Twinsectra Ltd v Yardley [2002] 2 AC 164

Key point

  • Lord Millett argued that the Quistclose trust is merely an orthodox resulting trust that arises whenever there is an ‘absence of intention to benefit’ the transferee of money


  • T intended to lend money to Y for the purchase of property without specifying which property
  • S, a solicitor acting for Y, had given an undertaking to T in the following terms: “The loan moneys will be retained by us until such time as they are applied in the acquisition of property on behalf of our client. The loan moneys will be utilised solely for the acquisition of property on behalf of our client and for no other purposes”
  • T paid over the loan amount to S who then paid it over to L, another solicitor acting for Y
  • Y used the loan for purposes other than the purchase of property
  • T claimed that the payment from S to L amounted to a breach of the undertaking and thus a breach of trust which L had assisted

Twinsectra Diagram

Held (House of Lords)

  • The money was held by S on Quistclose trust for T
  • S had acted in breach of trust
  • L had acted reasonably and not in assistance of the breach of trust

Lord Millett


Lord Millett critiques the two prevailing theories of Quistclose trusts by Lord Wilberforce in the Quistclose case and Robert Chambers in Chambers, Resulting Trusts (OUP 1997), lays out the flaws he observes in each, before proposing his own theory that Quistclose trusts are no more than orthodox examples of a resulting trust

Lord Wilberforce’s theory

Summary of the theory

  1. The money is handed over on  a primary trust by the lender to the borrower, the purpose of the trust being for the payment of third party creditors
  2. When the borrower becomes bankrupt, the purpose of the primary is frustrated and a secondary trust arises in favour of the lender


Problem 1: it is unclear where the beneficial interest lies under the primary trust

  • It cannot be with the borrower since he does not have free disposal nor with the contemplated beneficiaries
  • The beneficial interest cannot be in suspense without a resulting trust arising

Problem 2: the primary trust could not have failed

  • The primary trust could not have failed in cases such as Quistclose since performance was still possible
  • If the purpose was to save the borrower from bankruptcy, but a trust does not fail merely because the purpose is frustrated, performance must become illegal or impossible

Problem 3: the primary trust cannot be a private purpose trust

  • In Re Northern, Sir Robert Megarry V-C held that the primary trust was a Denley purpose trust enforceable by the creditors, but Lord Wilberforce stated in Quistclose that the equitable right of creditors is not a mandatory order to compel performance but a negative injunction to restrain improper application
  • The object of the arrangements was to enable the subsidiary to continue trading, the application of funds is not confined to existing creditors
  • The bank’s object is not to benefit the creditors except indirectly, they had their own commercial interests to protect, thus the primary trust cannot be an express purpose trust
  • If the primary trust is not for identifiable persons but an abstract purpose it is not clear where the beneficial interest lies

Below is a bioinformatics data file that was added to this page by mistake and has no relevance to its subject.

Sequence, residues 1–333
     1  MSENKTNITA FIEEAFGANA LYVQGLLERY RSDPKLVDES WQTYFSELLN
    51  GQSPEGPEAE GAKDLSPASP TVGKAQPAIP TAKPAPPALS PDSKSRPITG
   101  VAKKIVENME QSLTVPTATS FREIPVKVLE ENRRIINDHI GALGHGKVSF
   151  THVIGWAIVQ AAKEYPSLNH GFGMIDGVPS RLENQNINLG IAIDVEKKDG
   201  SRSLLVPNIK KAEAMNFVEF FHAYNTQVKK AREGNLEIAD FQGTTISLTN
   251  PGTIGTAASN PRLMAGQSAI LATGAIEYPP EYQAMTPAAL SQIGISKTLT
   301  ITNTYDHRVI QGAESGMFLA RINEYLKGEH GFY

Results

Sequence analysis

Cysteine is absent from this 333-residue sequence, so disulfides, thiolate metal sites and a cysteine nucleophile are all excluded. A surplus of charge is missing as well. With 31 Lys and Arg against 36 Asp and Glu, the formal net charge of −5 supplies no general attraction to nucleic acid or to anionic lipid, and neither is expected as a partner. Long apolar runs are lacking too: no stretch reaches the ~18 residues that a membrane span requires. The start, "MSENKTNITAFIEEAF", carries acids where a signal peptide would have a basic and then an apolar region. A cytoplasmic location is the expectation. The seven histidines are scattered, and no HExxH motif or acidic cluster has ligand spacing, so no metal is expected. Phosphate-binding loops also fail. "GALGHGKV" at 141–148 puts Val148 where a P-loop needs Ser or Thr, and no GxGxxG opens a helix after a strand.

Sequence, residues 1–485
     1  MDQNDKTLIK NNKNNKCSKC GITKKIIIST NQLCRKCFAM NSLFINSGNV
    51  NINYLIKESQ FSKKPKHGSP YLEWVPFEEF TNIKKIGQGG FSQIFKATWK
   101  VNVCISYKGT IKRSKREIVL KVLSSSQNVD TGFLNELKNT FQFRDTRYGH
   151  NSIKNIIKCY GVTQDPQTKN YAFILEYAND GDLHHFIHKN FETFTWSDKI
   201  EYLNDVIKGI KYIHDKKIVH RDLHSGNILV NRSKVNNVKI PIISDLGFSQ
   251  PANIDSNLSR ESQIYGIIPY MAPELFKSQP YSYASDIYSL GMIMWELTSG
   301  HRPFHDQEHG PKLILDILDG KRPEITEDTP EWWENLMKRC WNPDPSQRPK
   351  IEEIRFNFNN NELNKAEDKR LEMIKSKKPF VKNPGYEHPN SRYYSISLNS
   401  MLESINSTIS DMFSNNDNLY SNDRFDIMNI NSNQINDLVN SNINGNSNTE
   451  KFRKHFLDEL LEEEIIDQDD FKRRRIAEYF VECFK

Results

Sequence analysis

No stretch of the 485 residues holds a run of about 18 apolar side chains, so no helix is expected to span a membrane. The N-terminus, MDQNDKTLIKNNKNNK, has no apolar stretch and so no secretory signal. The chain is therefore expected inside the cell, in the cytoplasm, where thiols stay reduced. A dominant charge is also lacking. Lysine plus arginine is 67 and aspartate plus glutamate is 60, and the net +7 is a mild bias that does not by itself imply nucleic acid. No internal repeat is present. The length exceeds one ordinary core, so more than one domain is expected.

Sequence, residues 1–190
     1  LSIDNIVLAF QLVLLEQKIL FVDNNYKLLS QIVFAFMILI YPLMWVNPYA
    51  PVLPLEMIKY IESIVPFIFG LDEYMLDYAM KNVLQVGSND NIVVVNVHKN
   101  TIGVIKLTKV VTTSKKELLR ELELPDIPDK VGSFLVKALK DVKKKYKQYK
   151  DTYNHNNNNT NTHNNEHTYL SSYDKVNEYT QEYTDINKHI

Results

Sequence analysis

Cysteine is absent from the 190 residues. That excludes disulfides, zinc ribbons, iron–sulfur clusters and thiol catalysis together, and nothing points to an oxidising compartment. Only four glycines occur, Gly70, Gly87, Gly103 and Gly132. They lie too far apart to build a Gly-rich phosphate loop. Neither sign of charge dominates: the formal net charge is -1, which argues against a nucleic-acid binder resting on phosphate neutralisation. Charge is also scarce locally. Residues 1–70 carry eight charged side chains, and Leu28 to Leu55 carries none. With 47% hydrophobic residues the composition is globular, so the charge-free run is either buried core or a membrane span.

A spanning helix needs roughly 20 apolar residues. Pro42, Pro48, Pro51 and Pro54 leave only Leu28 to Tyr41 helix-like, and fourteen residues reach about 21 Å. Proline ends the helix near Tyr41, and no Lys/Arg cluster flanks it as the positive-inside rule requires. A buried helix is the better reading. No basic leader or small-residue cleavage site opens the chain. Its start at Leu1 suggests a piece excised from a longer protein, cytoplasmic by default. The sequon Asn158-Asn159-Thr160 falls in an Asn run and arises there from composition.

Chambers’ theory

Summary of the theory

  1. The borrower receives the entire beneficial ownership subject to a contractual right to prevent the money from being used otherwise than for the stated purpose
  2. If the purpose fails, a resulting trust springs into effect


  • It offers no solution to cases of non-contractual payment
  • It is inconsistent with Lord Wilberforce’s description of the borrower’s obligation as fiduciary and not contractual
  • It cannot easily be reconciled with the availability of proprietary remedies against third parties
  • The existence of a mere equity to prevent misapplication would not prevail over secured creditors who would have priority in the event of the borrower’s insolvency

Lord Millet’s resulting trust analysis

  • The beneficial interest always stays with the lender through a resulting thrust that arises immediately money is transferred to the borrower
  • As Chambers argues, a resulting trust responds to the absence of intention on the part of the transferor to pass the entire beneficial interest not a positive intention to retain it
  • The borrower is authorised (or directed) to apply the money for a stated purpose, but this is a mere power and does not constitute a purpose trust
  • When the purpose of the power fails the money returns to the lender not under a new resulting trust but because the resulting thrust is no longer subject to a power
  • On this analysis it is proven that the Quistclose trust is “an entirely orthodox example of the kind of default trust known as a resulting trust”


Lord Millett’s theory is an adaptation of Chambers’ theory of resulting trusts, with the difference being that the resulting trust arises immediately when the money is transferred rather than when the purpose fails.

In 2004, Chambers updated his account in Robert Chambers, ‘Restrictions on the Use of Money’ in William Swadling, The Quistlcose Trust: Critical Essays (Bloomsbury Publishing 2004) 89. In it he argues that there two possible types of resulting trusts that can arise when the purpose fails, the first type of resulting trust will place beneficial interest entirely in the hands of the lender, while the second types of resulting trust will place beneficial interest in both the hands of the lender and borrower. The second type of resulting trust applies when the restrictions on the use of money placed on the borrower are minor.